In the period after the First World War, in 1915, the first genocide in the history of mankind was recognized, including by the Russian Federation. After the October Revolution in Russia, the Turks, promising the Bolsheviks a proletarian revolution in Turkey, were persuading and blackmailing the young Bolshevik Russian leadership, and sometimes Turkish-Azerbaijani forces were destroying the civilians of Karabakh, Armenian towns and villages. But despite these cruel events, during the rapidly changing post-revolutionary situation, from May 1918 to April 1920, Karabakh had become de facto independent. It was during this period, according to the results of the Congress, Nagorno-Karabakh (the majority of its population were Armenians), was legitimately proclaimed an independent administrative and political unit with National Council, government, armed forces and other attributes of statehood.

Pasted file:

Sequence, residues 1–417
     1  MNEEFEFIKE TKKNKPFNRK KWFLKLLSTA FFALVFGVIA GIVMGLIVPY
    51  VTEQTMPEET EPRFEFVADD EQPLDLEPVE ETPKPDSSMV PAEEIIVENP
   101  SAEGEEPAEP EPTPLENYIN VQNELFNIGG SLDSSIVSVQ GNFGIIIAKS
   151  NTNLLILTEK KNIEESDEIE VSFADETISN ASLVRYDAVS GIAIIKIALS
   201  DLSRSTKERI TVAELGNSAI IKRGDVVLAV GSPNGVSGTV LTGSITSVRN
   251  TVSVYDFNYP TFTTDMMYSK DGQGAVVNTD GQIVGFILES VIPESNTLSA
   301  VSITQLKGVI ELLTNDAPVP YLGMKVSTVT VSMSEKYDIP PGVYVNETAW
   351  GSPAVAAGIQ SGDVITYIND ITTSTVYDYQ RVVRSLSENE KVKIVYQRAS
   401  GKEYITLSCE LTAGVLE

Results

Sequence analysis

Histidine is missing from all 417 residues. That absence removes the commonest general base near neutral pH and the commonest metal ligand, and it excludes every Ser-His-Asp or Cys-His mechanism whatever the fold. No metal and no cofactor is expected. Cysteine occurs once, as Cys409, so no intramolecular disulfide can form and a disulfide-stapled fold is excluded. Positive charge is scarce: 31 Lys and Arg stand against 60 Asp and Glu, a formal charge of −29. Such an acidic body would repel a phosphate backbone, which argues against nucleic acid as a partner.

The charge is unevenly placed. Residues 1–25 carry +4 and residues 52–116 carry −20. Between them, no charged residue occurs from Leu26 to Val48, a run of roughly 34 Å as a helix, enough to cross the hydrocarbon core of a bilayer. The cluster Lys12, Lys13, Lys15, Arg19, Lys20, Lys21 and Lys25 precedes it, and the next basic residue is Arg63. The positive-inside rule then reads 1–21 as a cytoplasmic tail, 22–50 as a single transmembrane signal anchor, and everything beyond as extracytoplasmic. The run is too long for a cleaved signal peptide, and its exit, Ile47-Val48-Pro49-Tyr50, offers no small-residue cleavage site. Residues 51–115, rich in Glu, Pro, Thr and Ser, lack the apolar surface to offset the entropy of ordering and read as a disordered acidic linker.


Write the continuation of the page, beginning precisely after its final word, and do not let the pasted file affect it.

During the Sovietization of Transcaucasia by the Bolsheviks after the Sovietization of Azerbaijan (which happened on April 28, 1920), Karabakh and several other Armenian territories were transferred to Azerbaijan. But immediately after the proclamation of Soviet power in Armenia, on December 02, 1920 the Revolutionary Committee – (the main authority of the Bolshevik government of that time) of Azerbaijan by a special declaration recognized the territories of Nagorno-Karabakh, Zangezur and Nakhichevan, which Azerbaijan had previously claimed and which it had received earlier, as an integral part of Soviet Armenia. Moreover, by the declaration of June 12, 1921, the National Council of the Azerbaijan SSR declared Nagorno-Karabakh an integral part of the Armenian SSR. The new government of Soviet Armenia welcomed this decision and even offer to establish state institutions in Nagorno-Karabakh. However, soon the Azerbaijani leadership evaded the statements made earlier and began to make new efforts to establish control over Karabakh and Nakhichevan. On July 4, 1921, the Caucasian Bureau of the Communist Party of Russia held a plenary session in Tbilisi, the capital of Georgia, during which it was confirmed that Nagorno-Karabakh is part of the Armenian SSR. This decision was voted and approved. However, under Stalin’s dictation and direct intervention on the night of July 5, the decision was revised, and even without observing the regulations, a new decision was made without voting to include Nagorno-Karabakh into Soviet Azerbaijan with the status of an autonomous region. Thus, Nagorno-Karabakh has never been a part of independent Azerbaijan, which existed in 1918-1920ss, but was included there by force. The borders of the autonomy were drawn in such a way to exclude the presence of contact with the Armenian SSR. In 1936, this autonomy was renamed into the PKAR. During the entire period of their staying in Soviet Azerbaijan, the residents of Nagorno-Karabakh were exposed to systematic harassment, violation of their rights and interests. Throughout the history of the Soviet Union, the Armenian population of Artsakh repeatedly appealed to the leadership of the Soviet Union with a request to reunite Nagorno-Karabakh with the Armenian SSR. This issue was being discussed in 1963-1966, in 1977, but the people’s desire to restore historical and moral justice was not realized. On February 20, 1988, the deputies of Nagorno-Karabakh adopted a petition to give PKAR to the Armenian SSR. The response to the desire to be free were the pogroms and mass killings of Armenians, ethnic cleansing in Baku, Sumgait, Kirovabad and other cities of Azerbaijan. And then the fighting began when the Azerbaijani army attacked the peaceful population of Karabakh. In the period before the collapse of the Soviet Union, Azerbaijan declared its independence on August 30, 1991, and the Nagorno-Karabakh Republic (NKR) was proclaimed it on September 2, 1991.